Harnessing bio-photonics and Artificial Intelligence to unlock new possibilities in Alzheimer’s drug discovery.
Alzheimer’s disease is the most common type of dementia. As Europe’s population ages, incidences of Alzheimer’s are rising, increasing the urgent need for new treatments but clinical trials are failing and this is hindering treatment progress.
Patient screening for clinical trials is a major barrier – four in five patients taking part in clinical trials for Alzheimer’s disease drop out due to current screening methods, which are invasive and risky procedures.
Wild Card 2019 winner iLoF (short for Intelligent Lab on a Fiber) has found an answer. It is using machine-learning to develop an non-invasive way of screening patients for clinical trials, which will accelerate the development of new and personalised Alzheimer’s treatments and make them more economically viable.
of the European population is estimated to have Alzheimer’s disease
of patients screened are classed as unsuitable after being subjected to various invasive, uncomfortable and risky procedures
The number of major Alzheimer’s trials that have failed
iLoF is creating a pathway which promotes breakthroughs in Alzheimer’s disease research.
Founders Luis Valente, Dr Joana Pavia and Prof Paula Sampaio began their Wild Card journey as a team, bringing with them a new technology and a plan to provide a system for early diagnosis for Alzheimer’s disease. During the Hackathon phase, their team grew with the addition of Dr Mehak Mumtaz, while a deeper dive into the issues changed their proposition from an early diagnosis to a stratification tool.
Now based in an incubator in Portugal, the team are making great strides towards making their technology clinic-ready. iLoF has created brand new, patented technology that screens patients non-invasively. It uses photo imaging technology, called bio-photonics, combined with Artificial Intelligence to detect the gold-standard proteins and exosomes – individual biomarkers of each patient’s disease – to classify suitable patients for clinical trials.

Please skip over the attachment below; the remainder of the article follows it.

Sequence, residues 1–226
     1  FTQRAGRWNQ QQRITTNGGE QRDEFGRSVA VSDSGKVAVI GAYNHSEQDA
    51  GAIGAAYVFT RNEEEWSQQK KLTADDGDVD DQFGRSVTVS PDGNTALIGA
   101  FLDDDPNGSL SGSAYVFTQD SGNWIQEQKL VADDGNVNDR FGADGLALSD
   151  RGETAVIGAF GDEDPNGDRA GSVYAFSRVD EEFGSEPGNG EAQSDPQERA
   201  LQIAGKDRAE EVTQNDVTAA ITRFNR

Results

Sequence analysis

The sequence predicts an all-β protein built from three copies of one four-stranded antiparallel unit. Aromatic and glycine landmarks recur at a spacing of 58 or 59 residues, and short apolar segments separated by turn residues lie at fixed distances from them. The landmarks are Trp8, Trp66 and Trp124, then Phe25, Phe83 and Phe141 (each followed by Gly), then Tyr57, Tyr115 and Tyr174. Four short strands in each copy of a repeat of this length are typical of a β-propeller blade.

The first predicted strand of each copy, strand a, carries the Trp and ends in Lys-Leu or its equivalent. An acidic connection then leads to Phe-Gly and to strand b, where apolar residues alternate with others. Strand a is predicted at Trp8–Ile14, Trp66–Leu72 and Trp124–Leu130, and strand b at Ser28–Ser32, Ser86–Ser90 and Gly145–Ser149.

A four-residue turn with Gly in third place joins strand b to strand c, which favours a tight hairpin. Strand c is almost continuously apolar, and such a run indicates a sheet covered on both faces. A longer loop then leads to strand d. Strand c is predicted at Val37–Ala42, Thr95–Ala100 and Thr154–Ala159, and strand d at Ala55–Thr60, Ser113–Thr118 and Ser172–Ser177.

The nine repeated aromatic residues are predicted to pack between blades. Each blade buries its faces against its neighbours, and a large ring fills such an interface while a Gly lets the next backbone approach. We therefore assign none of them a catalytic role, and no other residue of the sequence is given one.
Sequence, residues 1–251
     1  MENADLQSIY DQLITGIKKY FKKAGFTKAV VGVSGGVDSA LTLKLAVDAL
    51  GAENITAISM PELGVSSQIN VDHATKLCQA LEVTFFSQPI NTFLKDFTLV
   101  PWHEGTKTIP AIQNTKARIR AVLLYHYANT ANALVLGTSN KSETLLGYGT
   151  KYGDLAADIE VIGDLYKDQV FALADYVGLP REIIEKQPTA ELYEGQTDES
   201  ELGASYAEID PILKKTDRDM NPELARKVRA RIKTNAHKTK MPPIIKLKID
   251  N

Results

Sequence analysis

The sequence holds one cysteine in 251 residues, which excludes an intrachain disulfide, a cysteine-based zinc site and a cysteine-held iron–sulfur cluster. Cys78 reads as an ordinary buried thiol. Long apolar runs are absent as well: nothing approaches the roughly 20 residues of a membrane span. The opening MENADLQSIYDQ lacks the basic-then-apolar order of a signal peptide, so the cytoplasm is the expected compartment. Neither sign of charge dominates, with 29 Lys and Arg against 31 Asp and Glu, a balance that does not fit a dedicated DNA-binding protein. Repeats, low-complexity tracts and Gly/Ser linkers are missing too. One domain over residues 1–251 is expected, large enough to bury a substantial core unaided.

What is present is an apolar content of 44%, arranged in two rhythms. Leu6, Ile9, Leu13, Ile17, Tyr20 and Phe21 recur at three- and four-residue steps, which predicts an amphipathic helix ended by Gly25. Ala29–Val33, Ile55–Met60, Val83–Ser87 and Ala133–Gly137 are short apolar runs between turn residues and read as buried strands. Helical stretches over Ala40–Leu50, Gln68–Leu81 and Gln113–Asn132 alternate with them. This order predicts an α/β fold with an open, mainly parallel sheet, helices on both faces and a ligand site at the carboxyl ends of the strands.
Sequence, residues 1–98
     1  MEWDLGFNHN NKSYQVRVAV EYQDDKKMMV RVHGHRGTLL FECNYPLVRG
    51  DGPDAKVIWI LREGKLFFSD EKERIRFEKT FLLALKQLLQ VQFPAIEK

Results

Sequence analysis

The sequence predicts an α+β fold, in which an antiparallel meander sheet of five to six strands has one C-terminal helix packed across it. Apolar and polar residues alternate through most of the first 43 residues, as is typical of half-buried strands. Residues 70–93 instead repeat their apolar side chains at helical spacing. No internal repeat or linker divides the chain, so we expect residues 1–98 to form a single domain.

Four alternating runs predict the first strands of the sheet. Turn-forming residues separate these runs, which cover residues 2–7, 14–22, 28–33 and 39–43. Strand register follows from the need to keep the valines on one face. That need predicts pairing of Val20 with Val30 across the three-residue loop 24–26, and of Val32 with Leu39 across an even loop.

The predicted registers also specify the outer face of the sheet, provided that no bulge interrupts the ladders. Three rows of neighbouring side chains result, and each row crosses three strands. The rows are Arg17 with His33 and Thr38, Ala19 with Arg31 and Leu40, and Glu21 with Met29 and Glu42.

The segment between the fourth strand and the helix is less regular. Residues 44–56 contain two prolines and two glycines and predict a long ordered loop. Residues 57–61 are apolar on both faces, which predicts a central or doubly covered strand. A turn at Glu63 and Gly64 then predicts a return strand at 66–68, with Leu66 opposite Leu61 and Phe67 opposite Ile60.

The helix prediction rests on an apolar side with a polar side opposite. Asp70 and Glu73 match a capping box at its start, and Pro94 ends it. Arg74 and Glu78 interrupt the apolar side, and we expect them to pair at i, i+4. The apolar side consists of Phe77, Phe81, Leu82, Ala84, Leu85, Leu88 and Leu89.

The technology cuts the cost of screening patients by 40 per cent, slashes the time spent screening by 70 per cent and it is expected to reduce the 90 per cent of patients who drop out of trials voluntarily due to current screening methods.
Ultimately, better screening methods will deliver greater research and accelerate the discovery of drugs that could have change the course of the lives of people with dementia. According to the European Brain Council, as many as one in three of us will develop a brain disorder at some point in life, and new developments like iLoF play a significant role.
“We all know the social tragedy behind Alzheimer’s – but the industry problem behind that is less visible. The [Wild Card] programme allowed us to study a whole industry at a deeper level and understand that in order to solve Alzheimer’s and enable a treatment, we first need precise, personalised, inexpensive tools that all stakeholders can apply. And because of that, suddenly, iLoF was born.”
Find out more about iLoF here
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